As a Dino who is also a piano player...

otcconanotcconan Posts: 5,677
There are some things about piano playing that confounds and really quite royally pisses me off. 

First off, I started on piano, so I should know what the hell I am doing but I really forgot a lot of things in the 7 or 8 years I left the keys alone.  But still, there are some cardinal sins that cannot be overlooked.

There are songs by Queen in C# that are impossible for me for the sheer fact that playing them requires so many black keys that I feel my mind about to explode.  I bear it because I love Queen, but my God, what was Freddie thinking?  Brian's songs are in more sensible keys.  Freddie puts "Killer Queen" in C minor and it took me a week to learn that.

Secondly, I know it's great for us guitar players to just slide up a fret and be happy, and honestly, it's all fine and good, but when I come across a song like "Open Arms," by Journey, which is in D major, it just makes no sense at all.  I mean, the song is perfectly correctable to C, where the chord patterns make more sense and are easier, again because of the lack of black keys.  But why do it in D when your singer is Steve Perry?  Can he not sing a middle C?  Is his voice really that high?  One step?  Really?

I spent practically an entire year learning "Bohemian Rhapsody" on the keys just to impress a girl, a feat that paid off in the end, even though the payoff was not so great, but seriously, Freddie?  C minor?  A step down to a natural minor key (meaning one with fewer black keys) would have been nice.  A little love to those of us who are not natural key players, please...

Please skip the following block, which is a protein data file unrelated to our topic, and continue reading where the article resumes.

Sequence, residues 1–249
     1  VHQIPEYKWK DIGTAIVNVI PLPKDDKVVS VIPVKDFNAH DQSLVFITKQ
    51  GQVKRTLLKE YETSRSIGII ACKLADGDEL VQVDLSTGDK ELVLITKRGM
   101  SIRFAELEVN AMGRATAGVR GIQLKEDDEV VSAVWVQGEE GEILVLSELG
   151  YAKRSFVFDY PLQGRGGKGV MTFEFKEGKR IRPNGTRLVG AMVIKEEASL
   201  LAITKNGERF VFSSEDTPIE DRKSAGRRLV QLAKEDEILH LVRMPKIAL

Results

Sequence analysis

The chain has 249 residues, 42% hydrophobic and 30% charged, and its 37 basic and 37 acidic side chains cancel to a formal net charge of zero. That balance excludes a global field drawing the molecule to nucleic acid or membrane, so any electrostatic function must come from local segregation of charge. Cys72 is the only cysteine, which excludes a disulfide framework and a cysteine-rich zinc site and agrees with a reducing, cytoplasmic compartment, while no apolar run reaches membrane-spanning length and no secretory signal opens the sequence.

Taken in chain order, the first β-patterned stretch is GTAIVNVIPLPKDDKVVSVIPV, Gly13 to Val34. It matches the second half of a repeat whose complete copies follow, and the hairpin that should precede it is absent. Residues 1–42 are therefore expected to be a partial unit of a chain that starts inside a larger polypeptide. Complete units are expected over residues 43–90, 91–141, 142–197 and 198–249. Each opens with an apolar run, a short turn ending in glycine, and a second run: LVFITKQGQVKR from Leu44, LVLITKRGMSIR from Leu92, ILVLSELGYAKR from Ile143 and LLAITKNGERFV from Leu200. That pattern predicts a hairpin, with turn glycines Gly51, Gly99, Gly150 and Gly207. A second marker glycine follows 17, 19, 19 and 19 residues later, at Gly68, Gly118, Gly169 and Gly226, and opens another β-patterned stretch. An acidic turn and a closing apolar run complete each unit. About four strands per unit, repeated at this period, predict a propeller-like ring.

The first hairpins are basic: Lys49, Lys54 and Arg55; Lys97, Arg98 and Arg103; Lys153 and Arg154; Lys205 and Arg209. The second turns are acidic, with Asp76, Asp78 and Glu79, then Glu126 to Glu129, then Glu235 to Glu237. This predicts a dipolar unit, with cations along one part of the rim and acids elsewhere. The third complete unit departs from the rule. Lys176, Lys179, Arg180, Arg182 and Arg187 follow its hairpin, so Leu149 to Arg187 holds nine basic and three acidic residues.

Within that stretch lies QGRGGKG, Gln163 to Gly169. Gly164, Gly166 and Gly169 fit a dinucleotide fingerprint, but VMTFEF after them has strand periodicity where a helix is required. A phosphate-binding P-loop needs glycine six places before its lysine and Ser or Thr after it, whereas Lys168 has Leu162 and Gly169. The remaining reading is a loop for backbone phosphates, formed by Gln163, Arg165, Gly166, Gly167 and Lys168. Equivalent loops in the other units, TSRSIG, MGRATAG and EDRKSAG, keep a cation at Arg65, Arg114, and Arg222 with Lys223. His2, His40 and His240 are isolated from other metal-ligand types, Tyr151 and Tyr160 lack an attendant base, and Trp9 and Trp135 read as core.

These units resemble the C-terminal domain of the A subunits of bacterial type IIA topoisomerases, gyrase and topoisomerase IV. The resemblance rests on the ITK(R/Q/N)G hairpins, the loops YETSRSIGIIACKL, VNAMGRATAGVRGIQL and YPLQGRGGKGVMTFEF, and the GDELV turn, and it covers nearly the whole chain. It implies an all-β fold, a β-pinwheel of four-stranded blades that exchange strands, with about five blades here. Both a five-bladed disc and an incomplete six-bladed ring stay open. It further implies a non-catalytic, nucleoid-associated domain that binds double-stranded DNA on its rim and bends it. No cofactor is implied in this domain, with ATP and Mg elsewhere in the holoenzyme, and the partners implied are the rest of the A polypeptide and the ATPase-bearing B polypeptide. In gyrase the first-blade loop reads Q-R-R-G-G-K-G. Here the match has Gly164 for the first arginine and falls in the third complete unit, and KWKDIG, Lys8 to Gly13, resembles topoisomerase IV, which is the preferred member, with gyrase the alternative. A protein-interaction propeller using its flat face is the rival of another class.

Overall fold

Finally, I do have to say I have to give it up to Bobby Whitlock, who played the keys on "Layla" and made it kind of sensible, but then he had to, in order to fit it into the key of a song written by a guitar player.

And this is why the majority of Dino songs with guitar in them, like "Rock and Roll Party in the Streets" by Axe, or "Sister Christian," or even "Home Sweet Home," are in sensible, non-black key keys. 

Or, maybe, I maybe should have paid better attention when I was 10 years old and was being taught all of this.  I don't know.  But I own a piano now and I want to use it, so I say, screw it, I'm going to write some songs of my own on that thing and to hell with those piano snobs.

Oh, and yeah...My hero, Brian May, a guitar player, wrote a hell of a lot of songs on the guitar and he did the same thing.

/End of Rant

C

Comments

  • M11M11 Posts: 840
    I "try" to play the piano and my favorite keys to play in are C major, Bb Major and F Major (not very "guitar friendly" keys, but with few of the black ones) and their relative minor keys.
    And yes, apparently piano/keyboard players prefer lots of black keys. Rick Wakeman in his FAQ says the following:

    Q. Does Rick enjoy playing in a particular key?
    A. Most piano stuff is actually written in flat keys, usually D flat or A flat. Most rock stuff is in keys that are suitable for guitars etc, hence the aviodance of flat keys.

    source: http://www.rwcc.com/faq.asp
  • SirionSirion Posts: 3,115
    I suppose they have their reasons, be it for colouristic nuances of instruments or key characteristics. But there isn't anything hindering you to play them in simpler keys, is there? C# is an especially punitive key to learn a song in, but very easy to transpose. I suspect 95% of people would not have been able to hear the difference, and if they did, well, chances are you may have the reason for the choice of key there.